We are chasing a moving target right now, and this is a very complicated sort of process that needs to be done thoughtfully, I believe, and to pull an arbitrary number out of the air without really getting into the intake data and really figuring out what the ramifications are, I think would be premature and counterproductive.

    So, I would like to reinforce the thought of let some people thoughtfully look at the best data available and figure out how to implement that recommendation, and I don't think it is going to happen in the next six weeks.

    DR. BAKER:  I just want to echo what Suzanne said. I am a clinician for a good deal of my time, and my practice sees about 5,000 patients a year.  My practice is very typical for pediatric practices across the country.  About 30 percent of our patients are Medicaid.

    All of our educational materials are read by a reader, so that they are not above a sixth grade level, and even that sometimes stretches people's ability to understand what we are trying to communicate.

    When I or my dieticians try to work with label reading, it is very difficult for people.  The daily value is absolutely a concept that doesn't make it, and particularly for children, it is irrelevant.

    I really want to support what Suzanne said in terms of giving less information rather than more.  The numbers are very difficult.  When people have to do a percent of a percent or something like that, they just don't have the math skills.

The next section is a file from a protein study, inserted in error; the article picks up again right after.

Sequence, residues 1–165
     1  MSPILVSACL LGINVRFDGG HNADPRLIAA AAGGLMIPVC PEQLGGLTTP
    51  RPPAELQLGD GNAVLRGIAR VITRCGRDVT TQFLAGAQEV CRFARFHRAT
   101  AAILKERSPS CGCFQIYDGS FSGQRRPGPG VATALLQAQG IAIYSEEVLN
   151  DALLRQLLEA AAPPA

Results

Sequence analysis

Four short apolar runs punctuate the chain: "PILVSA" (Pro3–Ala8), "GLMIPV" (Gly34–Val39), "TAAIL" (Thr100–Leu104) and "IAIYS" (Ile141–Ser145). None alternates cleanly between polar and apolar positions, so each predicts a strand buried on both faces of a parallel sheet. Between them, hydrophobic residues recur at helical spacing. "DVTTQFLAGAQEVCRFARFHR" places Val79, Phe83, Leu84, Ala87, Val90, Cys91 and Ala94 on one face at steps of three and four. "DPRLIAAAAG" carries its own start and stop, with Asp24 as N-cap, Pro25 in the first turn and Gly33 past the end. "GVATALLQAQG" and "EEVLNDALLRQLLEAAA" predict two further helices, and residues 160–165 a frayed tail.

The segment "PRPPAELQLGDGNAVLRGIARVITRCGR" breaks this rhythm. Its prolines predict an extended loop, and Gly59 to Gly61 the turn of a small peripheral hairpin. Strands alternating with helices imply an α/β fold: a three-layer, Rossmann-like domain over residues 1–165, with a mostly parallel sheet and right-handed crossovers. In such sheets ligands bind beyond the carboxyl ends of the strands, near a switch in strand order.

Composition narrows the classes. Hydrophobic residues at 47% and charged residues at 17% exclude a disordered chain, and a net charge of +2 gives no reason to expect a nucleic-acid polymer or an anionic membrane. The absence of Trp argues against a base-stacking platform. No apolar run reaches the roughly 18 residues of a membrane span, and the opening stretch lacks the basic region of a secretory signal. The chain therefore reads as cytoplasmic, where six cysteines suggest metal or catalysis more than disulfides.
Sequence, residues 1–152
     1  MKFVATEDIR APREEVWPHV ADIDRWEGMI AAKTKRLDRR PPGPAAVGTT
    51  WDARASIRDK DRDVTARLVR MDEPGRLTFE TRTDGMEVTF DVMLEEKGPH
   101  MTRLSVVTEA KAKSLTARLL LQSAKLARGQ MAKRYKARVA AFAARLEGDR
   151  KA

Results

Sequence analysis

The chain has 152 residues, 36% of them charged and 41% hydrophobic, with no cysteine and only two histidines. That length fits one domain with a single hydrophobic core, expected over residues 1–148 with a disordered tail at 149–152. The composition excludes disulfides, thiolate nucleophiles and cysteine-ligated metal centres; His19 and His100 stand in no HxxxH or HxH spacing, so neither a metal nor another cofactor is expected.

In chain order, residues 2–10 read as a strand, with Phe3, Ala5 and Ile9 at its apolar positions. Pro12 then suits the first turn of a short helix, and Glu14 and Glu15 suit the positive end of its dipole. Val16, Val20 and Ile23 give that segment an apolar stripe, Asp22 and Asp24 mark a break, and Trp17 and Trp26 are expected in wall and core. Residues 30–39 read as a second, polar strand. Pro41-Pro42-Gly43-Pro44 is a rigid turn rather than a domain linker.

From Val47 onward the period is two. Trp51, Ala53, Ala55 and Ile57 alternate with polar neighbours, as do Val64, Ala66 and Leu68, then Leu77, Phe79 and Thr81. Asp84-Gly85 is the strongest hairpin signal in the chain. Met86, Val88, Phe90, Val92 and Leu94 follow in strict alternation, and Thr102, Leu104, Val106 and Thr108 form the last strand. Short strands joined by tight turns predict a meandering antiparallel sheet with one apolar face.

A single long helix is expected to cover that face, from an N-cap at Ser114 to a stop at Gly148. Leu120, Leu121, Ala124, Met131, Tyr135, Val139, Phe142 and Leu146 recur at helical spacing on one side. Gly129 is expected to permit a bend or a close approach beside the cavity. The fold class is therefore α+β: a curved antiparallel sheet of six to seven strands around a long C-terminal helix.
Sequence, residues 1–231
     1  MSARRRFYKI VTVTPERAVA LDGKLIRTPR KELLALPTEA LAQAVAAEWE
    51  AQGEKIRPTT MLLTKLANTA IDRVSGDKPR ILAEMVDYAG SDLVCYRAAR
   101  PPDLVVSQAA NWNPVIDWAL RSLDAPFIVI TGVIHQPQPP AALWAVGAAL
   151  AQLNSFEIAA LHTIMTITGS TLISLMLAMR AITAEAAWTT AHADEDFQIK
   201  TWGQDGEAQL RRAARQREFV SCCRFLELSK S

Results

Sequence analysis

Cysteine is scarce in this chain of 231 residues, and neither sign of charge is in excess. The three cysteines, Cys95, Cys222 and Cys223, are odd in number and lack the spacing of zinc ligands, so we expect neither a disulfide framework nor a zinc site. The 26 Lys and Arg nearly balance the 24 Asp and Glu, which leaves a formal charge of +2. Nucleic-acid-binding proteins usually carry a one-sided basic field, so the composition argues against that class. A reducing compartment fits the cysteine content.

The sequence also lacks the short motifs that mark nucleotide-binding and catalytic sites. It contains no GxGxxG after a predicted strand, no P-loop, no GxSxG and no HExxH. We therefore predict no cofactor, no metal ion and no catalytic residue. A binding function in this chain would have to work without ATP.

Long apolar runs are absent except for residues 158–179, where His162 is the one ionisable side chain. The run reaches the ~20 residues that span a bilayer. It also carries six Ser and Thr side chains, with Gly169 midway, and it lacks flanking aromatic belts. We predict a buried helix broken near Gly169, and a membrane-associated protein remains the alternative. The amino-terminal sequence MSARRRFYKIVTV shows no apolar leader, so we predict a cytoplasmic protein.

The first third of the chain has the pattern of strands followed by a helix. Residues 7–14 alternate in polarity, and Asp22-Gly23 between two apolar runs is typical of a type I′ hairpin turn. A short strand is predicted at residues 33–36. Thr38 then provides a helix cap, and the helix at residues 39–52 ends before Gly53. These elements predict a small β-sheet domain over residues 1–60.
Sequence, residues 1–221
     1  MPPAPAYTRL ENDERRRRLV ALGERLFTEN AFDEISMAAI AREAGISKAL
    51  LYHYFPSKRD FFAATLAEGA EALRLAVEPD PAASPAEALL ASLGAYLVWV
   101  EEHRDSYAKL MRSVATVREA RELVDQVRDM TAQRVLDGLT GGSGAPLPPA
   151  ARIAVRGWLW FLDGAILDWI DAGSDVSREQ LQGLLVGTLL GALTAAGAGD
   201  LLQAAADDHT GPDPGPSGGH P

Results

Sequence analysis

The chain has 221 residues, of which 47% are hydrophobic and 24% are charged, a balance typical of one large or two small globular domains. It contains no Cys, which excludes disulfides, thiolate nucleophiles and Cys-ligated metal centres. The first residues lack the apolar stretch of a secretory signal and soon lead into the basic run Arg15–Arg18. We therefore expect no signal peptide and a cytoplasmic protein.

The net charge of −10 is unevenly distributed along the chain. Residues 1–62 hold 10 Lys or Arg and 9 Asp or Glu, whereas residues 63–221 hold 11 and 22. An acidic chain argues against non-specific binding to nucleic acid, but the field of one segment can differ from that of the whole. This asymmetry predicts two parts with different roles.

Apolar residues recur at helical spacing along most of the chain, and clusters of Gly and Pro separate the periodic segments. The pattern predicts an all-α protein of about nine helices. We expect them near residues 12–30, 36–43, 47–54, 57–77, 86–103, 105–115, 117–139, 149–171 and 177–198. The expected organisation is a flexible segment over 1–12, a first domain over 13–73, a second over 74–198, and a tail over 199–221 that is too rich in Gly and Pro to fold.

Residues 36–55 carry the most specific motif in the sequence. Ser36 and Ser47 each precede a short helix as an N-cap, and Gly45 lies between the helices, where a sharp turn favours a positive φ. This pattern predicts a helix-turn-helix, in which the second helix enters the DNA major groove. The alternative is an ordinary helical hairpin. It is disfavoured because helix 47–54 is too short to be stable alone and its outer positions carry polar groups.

I think we may do a disservice by trying to put in more numbers and more percents than we really have hard data for, and then if we change it, as we have done with total fats and bounced all over the place, people have no confidence in us.

    So, I really hope that maybe we can take what you have suggested under serious advisement, and that is not perhaps support a particular number at this time.

    DR. RIMM:  Let me say also I agree with what has been said.  I think there is no question that education has to be an important component of what comes out of this, because, you know, I think part of the issue is related to not just fat, but anything in the diet, there is not good enough education at all levels for adults and for children.

    It took I think 20 years to get sort of the basic food pyramids out, teaching to children, and now they are teaching them new food pyramids, so I think there has to be a lot of time and concerted effort spent on education.

    Along those lines, I think that for trans fat, you know, what we waiting for?  Is there really going to be 10 or 15 more years, until Alice does three more trials, until there is one or two more?  There is not going to be huge long-term clinical trials on trans fat, which is what we like to see, what we saw for total fat, but there is not going to be huge trials in that for trans fat.

    So, I agree that maybe we can't come up with a daily value for trans because of the complication of the small amount of grams it takes, but giving a message that there should be a target of 2 grams and putting trans fat as 2 grams in the bottom part, and just leaving the daily value blank, would be a message to individuals, it would be something educators could look it and say, look, you have 1 gram of trans fat, you shouldn't have more than 2 grams in your diet, and forget the percentages.

    I think that would give a strong message that there is concern that having foods that are too high in trans fat, above 2 grams per day is a bad idea.